Patrick McArdle's Avatar Comment 28 by Patrick McArdle

"As far as I can see, it is religious people who have made this an issue, not scientists."

This is especially true here in the States, where Bible-bangers love to shout about how they are "not descended from monkeys." (Since evolution shows that all extant primates, ourselves and monkeys included, evolved from now-extinct species, these Bible-thumpers merely reveal, yet again, their own ignorance.)

'What Darwin did, IMHO, is to show that there was no need for a supernatural "creator", no need whatsoever.'

Exactly. Darwin's science helped to push any concept of a supernatural power further back in time and space, toward the clockmaker god of deism. To this day, creationists claim their god can explain the gaps in human knowledge; as Darwin, Dawkins, and others close those gaps, this god gets left without a home.

Mon, 29 Dec 2008 22:49:00 UTC | #293648

AfraidToDie's Avatar Comment 29 by AfraidToDie

Darwin has not been hijacked by the New Atheists; Darwin is detested by the religulous simply because they do not believe humans evolved from apes (or anything). Darwin’s theories can coexist with Deism, just not with Christianity or any of the other major religions which claim supernatural creationism. These religions drew the line in the sand that Darwin obliterated. If you are intelligent enough to accept the theory of evolution, you cannot believe in a supernatural creation of our species. This article is trying to hijack the relevance of Darwin’s work by implying there is room for the belief in supernatural creationism where that work has proven those beliefs false.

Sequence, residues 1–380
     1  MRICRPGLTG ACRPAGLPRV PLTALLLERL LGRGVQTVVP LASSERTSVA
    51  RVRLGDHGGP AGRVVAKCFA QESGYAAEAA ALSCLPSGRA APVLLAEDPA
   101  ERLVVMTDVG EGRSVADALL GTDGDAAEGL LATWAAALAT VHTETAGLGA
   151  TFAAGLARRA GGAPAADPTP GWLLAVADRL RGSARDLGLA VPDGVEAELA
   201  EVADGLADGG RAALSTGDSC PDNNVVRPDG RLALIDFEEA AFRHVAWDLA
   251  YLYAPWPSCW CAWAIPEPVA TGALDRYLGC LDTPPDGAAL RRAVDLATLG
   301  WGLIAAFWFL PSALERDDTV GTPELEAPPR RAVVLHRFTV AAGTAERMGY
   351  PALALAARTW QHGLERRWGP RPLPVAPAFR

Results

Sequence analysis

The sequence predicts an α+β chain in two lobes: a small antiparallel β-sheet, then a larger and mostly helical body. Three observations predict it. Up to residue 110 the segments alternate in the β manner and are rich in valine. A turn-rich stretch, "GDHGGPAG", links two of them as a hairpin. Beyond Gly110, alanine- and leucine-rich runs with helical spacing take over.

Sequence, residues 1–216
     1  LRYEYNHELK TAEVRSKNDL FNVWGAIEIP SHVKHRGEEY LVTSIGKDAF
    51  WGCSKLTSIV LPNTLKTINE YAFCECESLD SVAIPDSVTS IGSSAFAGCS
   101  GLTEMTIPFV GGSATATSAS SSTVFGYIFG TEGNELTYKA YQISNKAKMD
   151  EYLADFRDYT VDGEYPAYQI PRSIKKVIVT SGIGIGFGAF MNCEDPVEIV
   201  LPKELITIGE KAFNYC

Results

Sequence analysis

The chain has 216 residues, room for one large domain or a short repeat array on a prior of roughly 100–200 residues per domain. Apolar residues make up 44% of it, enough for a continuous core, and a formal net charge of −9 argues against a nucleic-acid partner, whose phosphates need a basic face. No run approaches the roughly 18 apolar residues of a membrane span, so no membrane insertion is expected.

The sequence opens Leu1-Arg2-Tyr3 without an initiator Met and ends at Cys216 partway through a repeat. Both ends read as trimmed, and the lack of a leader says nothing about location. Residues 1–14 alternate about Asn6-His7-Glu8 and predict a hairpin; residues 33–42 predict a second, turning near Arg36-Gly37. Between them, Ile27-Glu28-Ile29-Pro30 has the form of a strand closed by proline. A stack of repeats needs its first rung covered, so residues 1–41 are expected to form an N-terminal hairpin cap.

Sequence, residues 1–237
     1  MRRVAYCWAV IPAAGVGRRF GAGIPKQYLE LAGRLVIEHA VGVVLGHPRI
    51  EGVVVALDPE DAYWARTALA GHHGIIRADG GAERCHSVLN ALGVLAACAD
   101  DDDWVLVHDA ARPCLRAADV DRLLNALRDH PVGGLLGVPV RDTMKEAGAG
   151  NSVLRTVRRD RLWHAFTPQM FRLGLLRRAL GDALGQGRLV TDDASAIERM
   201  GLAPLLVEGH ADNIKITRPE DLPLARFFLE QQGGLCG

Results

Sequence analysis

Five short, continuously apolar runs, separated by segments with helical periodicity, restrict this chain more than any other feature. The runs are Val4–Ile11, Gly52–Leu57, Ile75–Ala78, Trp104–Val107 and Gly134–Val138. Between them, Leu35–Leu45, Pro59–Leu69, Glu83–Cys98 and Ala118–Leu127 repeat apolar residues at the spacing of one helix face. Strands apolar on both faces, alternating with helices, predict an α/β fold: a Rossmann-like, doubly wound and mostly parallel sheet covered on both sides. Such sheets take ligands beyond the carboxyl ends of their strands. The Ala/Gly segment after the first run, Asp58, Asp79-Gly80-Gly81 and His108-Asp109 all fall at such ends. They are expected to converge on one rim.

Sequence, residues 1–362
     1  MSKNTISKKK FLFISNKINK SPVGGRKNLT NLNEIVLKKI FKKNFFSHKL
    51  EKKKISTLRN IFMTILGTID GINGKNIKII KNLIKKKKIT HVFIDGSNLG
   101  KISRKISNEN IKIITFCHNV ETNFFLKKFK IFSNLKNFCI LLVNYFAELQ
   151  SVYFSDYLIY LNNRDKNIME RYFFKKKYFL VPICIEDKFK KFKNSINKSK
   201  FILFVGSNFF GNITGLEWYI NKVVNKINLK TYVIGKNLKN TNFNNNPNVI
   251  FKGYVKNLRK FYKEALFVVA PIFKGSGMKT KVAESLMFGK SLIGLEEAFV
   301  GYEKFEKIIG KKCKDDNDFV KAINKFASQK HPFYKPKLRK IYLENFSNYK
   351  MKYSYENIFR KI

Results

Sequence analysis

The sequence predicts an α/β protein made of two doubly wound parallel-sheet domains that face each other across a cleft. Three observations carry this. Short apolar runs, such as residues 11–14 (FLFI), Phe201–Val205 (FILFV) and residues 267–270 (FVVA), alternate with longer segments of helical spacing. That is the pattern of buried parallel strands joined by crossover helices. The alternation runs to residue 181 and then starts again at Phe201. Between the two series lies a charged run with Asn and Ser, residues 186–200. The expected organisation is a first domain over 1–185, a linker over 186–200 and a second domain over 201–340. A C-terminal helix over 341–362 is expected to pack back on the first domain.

Mon, 29 Dec 2008 22:56:00 UTC | #293649

Jesus86's Avatar Comment 30 by Jesus86

I don't understand the nit-picking about the title of Darwin's book. A book about plate techtonics called "On the Origin of the Continents" would make perfect sense.

(Originally, there was just one large continent, which broke apart into the many continents we have now. Originally, there was just one species, which separated into the many species we have now...)

Of course it is best to get the title right -- i.e. as the author wrote it -- but how does inserting a word that does not change the meaning matter?

Am I missing something?

Tue, 30 Dec 2008 00:14:00 UTC | #293665